As my pace is slower than Paul's, we're planning for Mingma and I to leave sometime between 8pm and 9pm tonight, while Dasona and Paul will probably leave sometime between 10pm and 11pm. If all the stars align, we might hit the summit at the same time, but in reality, Paul will probably pass me somewhere along the way - it will probably be too cold for him to slow down for long.

So now it's crunch time. Time to see whether we're strong enough to do it. There are only 950 vertical meters that separate us from our goal. At home, that would be a strenuous but pleasant day-walk. But up at 8000m, it's bound to be a different story.

Biggest concerns? Getting cold hands (for me), and for Paul, cold feet. We both have a tendency for these parts to get cold easily and the night spent climbing on Everest will put us to the test. We're both clear that if we get too cold and can’t warm up quickly, we'll turn around.

Otherwise, I'm worried about being too slow and having to turn around before we reach the summit. After the 1996 disaster almost everyone will be making sure they are heading down by midday-early afternoon to ensure they're back at camp while it's still light. I'm certainly not known for my speed and would be disappointed if I was traveling well but couldn't make it in time. (But not disappointed enough to keep plugging on regardless.)

Anyway, we'll just do our best and see what happens. There is still a chance that we won't be going anywhere if the winds are too high tonight. It's just got a little breezy now but the forecast is for decreasing winds tonight and lower winds tomorrow. Fingers crossed!

A Special Message for our Families
Please don't worry too much! In a lot of ways, this will be just another day of climbing - nothing different. We'll always be with our wonderful Sherpas and in radio contact with Mary at base camp, so there's not much room for error. Remember, we love you and can't wait to see you all when we get back (except for those OS who we'll have to make do with speaking to!)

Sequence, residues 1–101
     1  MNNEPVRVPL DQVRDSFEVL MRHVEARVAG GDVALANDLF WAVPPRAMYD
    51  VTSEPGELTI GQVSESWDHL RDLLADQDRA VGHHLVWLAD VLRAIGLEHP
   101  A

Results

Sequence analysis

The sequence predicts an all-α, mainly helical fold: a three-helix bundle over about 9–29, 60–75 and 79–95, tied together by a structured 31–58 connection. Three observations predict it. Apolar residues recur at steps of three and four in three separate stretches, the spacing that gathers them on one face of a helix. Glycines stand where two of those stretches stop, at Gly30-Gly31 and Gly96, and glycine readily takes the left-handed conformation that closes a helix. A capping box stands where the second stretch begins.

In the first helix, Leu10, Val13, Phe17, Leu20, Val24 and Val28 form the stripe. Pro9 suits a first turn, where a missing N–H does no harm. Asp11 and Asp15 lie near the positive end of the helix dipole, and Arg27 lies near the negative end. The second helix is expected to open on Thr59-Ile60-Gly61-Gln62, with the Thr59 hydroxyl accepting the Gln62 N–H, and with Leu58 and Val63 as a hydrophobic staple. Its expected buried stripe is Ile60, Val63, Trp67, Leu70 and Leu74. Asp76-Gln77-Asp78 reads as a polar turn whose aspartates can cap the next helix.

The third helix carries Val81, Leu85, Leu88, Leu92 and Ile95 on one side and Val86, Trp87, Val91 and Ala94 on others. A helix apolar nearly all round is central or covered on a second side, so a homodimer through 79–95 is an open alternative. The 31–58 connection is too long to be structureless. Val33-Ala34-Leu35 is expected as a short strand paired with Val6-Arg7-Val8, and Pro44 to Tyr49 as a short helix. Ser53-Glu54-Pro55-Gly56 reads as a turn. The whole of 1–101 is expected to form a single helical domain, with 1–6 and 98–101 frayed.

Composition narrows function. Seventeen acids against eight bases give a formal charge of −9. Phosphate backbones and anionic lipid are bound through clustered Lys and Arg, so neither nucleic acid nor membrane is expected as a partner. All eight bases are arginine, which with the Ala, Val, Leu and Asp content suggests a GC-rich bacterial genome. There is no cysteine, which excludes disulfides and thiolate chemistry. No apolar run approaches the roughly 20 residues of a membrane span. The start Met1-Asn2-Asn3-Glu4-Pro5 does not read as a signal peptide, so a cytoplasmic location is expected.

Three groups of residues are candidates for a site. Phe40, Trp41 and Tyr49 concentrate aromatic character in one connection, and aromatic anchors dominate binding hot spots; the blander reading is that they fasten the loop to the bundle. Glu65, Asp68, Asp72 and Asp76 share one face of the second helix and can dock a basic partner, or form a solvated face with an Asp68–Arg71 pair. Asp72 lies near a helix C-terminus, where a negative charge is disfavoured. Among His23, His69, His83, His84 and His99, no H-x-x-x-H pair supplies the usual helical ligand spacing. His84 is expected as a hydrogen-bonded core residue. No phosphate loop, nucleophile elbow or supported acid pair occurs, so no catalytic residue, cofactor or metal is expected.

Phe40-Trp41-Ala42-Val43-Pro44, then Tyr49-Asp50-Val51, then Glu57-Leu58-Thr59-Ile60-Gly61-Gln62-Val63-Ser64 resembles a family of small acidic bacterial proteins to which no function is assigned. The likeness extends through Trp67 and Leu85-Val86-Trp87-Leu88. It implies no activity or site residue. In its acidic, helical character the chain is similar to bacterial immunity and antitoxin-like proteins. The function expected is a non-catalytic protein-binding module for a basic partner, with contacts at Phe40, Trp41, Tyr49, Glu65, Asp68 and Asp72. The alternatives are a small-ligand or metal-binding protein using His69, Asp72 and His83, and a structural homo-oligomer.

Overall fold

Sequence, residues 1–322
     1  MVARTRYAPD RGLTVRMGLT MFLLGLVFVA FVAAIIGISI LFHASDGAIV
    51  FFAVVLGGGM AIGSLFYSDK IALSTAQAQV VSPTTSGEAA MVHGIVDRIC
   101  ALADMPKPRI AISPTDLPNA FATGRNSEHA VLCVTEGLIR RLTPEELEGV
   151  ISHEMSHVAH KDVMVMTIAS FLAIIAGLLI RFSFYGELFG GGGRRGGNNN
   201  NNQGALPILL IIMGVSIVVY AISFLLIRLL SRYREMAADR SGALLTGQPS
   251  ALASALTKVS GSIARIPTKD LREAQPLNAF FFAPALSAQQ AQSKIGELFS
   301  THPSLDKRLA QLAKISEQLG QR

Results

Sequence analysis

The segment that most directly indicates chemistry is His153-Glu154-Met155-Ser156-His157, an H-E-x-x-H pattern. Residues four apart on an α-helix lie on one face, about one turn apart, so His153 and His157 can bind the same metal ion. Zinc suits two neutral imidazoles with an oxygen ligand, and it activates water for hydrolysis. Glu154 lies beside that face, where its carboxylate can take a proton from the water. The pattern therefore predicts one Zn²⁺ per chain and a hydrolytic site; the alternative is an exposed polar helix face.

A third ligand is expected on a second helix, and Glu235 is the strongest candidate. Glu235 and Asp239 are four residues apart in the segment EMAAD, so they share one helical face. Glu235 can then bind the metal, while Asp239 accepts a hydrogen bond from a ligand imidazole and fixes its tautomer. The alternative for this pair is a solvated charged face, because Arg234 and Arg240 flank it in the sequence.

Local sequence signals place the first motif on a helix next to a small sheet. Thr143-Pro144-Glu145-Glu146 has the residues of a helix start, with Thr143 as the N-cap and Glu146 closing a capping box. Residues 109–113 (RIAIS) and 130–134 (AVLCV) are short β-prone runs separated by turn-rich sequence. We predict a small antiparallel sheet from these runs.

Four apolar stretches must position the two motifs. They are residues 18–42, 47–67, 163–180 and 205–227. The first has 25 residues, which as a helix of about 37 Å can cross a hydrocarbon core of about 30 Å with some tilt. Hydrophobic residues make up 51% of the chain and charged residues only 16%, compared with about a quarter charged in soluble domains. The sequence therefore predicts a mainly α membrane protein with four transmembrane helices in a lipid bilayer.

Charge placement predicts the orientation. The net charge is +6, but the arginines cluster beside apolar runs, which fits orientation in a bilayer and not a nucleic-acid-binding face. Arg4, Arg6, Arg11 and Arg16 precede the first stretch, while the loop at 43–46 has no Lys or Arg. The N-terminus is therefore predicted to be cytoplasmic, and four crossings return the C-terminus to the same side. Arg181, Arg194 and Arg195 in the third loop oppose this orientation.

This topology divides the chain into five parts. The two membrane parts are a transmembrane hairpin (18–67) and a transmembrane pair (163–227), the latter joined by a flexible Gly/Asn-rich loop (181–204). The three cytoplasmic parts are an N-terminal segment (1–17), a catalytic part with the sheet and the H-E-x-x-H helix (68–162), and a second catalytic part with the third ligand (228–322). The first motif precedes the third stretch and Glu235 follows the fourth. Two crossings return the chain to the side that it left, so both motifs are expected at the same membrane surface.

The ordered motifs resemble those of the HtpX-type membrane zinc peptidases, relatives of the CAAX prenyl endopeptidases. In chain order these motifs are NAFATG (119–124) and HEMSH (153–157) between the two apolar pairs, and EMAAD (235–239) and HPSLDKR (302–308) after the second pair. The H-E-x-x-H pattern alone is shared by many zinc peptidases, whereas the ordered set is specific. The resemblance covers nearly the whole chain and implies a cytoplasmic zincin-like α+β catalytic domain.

Well, that's it for now - back to the hydration and rest program.

If everything goes to plan, Mary will be sending out updates on our progress throughout the night and tomorrow.

Keep your fingers crossed for us!
Fiona & Paul

Updates

Millet One Sport Everest Boot  has made some minor changes by adding more Kevlar. USES Expeditions / High altitude / Mountaineering in extremely cold conditions / Isothermal to -75°F Gore-Tex® Top dry / Evazote Reinforcements with aramid threads. Avg. Weight: 5 lbs 13 oz Sizes: 5 - 14 DESCRIPTION Boot with semi-rigid shell and built-in Gore-Tex® gaiter reinforced by aramid threads, and removable inner slipper Automatic crampon attachment Non-compressive fastening Double zip, so easier to put on Microcellular midsole to increase insulation Removable inner slipper in aluminized alveolate Fiberglass and carbon footbed Cordura + Evazote upper Elasticated collar.

Expedition footwear for mountaineering in conditions of extreme cold.  NOTE US SIZES LISTED. See more here.

A cold weather, high altitude double boot for extreme conditions The Olympus Mons is the perfect choice for 8000-meter peaks. This super lightweight double boot has a PE thermal insulating inner boot that is coupled with a thermo-reflective outer boot with an integrated gaiter. We used a super insulating lightweight PE outsole to keep the weight down and the TPU midsole is excellent for crampon compatibility and stability on steep terrain. WEIGHT: 39.86 oz • 1130 g LAST: Olympus Mons CONSTRUCTION: Inner: Slip lasted Outer: Board Lasted OUTER BOOT: Cordura® upper lined with dual-density PE micro-cellular thermal insulating closed cell foam and thermo-reflective aluminium facing/ Insulated removable footbed/ Vibram® rubber rand See more here.